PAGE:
For years, humans have relied on breathing as a way to achieve peace of mind. As you know, one of the most basic and effective forms of meditation is to become aware of your breath and follow it, in and out of your body.
Well, it looks like science is confirming all of religion’s teachings on the positive effects of breathing.
A recent article in Psychology Today talks about a 2016 conducted by neuroscientists from Stanford, UCLA, and St. Jude’s Children’s Research Hospital and outlines all the positive impacts that breath control has on the brain.
From Psychology Today:
A 2016 study (link is external) accidentally stumbled upon the neural circuit in the brainstem that seems to play the key role in the breathing-brain control connection.
The circuit is part of what’s been called the brain’s “breathing pacemaker” because it can be adjusted by altering breathing rhythm (slow, controlled breathing decreases activity in the circuit; fast, erratic breathing increases activity), which in turn influences emotional states.
Exactly how this happens is still being researched, but knowing the pathway exists is a big step forward. Simple controlled breathing exercises like the 4-7-8 method may work by regulating the circuit.
Positively Impact on Blood Pressure
“Take a deep breath” is solid advice, particularly when it comes to keeping your blood pressure from spiking. While it’s unclear whether you can entirely manage blood pressure with controlled breathing, research suggests that slowing your breathing increases “baroreflex sensitivity,” the mechanism that regulates blood pressure via heart rate.
Over time, using controlled breathing to lower blood pressure and heart rate may lower risk of stroke and cerebral aneurysm, and generally decreases stress on blood vessels (a big plus for cardiovascular health).
Counting breaths taps into the brain’s emotional control regions.
A recent study (link is external) showed that controlling breathing by counting breaths influences “neuronal oscillations throughout the brain,” particularly in brain regions related to emotion. Participants were asked to count how many breaths they took over a two-minute period, which caused them to pay especially focused attention to their breathing.
When they counted correctly, brain activity (monitored by EEG) in regions related to emotion, memory and awareness showed a more organized pattern versus what’s normally experienced during a resting state. The results are preliminary, but add to the argument that controlling breathing taps into something deeper.
The rhythm of your breathing affects memory.
A 2016 study (link is external) showed for the first time that the rhythm of our breathing generates electrical activity in the brain that influences how well we remember. The biggest differences were linked to whether the study participants were inhaling or exhaling, and whether they breathed through the nose or mouth.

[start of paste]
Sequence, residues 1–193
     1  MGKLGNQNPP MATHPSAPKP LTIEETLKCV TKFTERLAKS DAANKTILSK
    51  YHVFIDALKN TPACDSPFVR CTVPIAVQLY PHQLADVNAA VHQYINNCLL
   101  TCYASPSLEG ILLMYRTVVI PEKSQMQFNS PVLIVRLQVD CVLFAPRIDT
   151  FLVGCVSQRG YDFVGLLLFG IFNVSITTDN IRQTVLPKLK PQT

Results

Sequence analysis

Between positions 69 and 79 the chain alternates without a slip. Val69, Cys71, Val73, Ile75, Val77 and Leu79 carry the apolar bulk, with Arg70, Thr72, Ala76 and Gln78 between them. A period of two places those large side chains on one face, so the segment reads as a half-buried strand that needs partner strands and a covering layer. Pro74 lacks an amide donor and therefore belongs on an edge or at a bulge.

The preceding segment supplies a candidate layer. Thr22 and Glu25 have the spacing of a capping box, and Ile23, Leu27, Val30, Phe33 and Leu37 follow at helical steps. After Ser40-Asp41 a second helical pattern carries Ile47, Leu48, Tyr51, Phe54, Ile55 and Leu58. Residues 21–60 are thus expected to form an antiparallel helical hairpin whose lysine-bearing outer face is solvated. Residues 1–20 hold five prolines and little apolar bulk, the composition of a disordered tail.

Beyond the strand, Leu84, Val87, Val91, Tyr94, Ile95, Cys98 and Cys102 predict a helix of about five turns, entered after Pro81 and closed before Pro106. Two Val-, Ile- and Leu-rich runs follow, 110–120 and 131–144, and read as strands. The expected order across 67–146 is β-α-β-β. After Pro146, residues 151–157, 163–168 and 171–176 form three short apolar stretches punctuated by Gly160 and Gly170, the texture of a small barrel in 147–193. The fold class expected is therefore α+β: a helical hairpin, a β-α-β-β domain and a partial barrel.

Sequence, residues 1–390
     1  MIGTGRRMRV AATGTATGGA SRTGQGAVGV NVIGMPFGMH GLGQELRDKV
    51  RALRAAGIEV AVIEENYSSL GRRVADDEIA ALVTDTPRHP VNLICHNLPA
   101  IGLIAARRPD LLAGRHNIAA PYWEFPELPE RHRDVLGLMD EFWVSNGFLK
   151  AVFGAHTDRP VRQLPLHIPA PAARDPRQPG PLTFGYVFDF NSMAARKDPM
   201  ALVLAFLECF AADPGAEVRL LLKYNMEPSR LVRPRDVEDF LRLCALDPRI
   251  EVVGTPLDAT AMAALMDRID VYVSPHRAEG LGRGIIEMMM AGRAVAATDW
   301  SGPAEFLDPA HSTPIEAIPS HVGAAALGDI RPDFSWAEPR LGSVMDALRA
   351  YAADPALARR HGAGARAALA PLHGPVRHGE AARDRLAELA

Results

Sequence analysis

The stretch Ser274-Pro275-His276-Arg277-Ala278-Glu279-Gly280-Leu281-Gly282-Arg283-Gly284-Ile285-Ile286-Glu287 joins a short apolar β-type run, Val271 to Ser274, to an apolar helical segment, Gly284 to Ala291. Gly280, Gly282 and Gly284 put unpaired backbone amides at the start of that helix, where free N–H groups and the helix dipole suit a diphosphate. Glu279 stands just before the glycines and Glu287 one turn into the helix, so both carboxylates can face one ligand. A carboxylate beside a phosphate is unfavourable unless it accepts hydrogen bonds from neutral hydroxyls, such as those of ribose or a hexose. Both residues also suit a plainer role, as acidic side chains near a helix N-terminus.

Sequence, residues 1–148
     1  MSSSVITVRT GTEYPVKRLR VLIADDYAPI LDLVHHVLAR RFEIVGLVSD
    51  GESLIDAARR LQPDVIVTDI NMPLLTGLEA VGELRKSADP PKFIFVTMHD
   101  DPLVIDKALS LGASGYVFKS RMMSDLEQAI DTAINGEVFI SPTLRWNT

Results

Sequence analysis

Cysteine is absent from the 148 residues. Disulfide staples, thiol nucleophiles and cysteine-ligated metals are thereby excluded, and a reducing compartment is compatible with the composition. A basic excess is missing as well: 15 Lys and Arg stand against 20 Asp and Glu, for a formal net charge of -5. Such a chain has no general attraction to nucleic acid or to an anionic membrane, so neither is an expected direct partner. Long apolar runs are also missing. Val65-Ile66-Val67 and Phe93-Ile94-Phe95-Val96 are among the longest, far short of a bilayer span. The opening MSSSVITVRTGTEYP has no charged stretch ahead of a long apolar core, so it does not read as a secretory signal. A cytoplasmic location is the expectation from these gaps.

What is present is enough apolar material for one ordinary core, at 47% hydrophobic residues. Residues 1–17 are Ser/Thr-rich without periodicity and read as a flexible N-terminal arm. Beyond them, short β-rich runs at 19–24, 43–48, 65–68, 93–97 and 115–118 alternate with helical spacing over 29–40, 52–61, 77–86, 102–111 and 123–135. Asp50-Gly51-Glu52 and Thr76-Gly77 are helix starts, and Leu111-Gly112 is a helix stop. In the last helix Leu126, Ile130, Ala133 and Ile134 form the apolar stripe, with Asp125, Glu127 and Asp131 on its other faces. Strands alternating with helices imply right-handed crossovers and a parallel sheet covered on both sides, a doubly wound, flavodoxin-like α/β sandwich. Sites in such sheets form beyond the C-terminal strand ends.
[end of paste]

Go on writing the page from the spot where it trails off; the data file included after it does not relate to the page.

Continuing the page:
Inhaling was linked to greater recall of fearful faces, but only when breathing through the nose. Participants were also able to remember certain objects better when inhaling. Researchers think that nasal inhalation triggers greater electrical activity in the amygdala, the brain’s emotional epicenter, which enhances recall of fearful stimuli. Inhaling also seems linked to greater activity in the hippocampus, the seat of memory.
Controlled breathing may boost the immune system and improve energy metabolism.
While this is the most speculative of the study findings on this list, it’s also one of the most exciting. The study (link is external) was evaluating the “Relaxation Response” (a term popularized in the 1970s book of the same name by Dr. Herbert Benson, also a co-author of this study), which refers to a method of engaging the parasympathetic nervous system to counteract the nervous system’s “fight or flight” response to stress.
Controlled breathing triggers a parasympathetic response, according to the theory, and may also improve immune system resiliency as a “downstream health benefit.” The study also found improvements in energy metabolism and more efficient insulin secretion, which results in better blood sugar management. If accurate, the results support the conclusion that controlled breathing isn’t only a counterbalance to stress, but also valuable for improving overall health.
One way to control breathing for a positive effect is to use the 4-7-8 breathing method.
Dr. Andrew Weil recommends using this technique at least twice a day. It’s great for treating moderate anxiety and even helping you fall asleep at night. Go here to see him demonstrate this breathing exercise.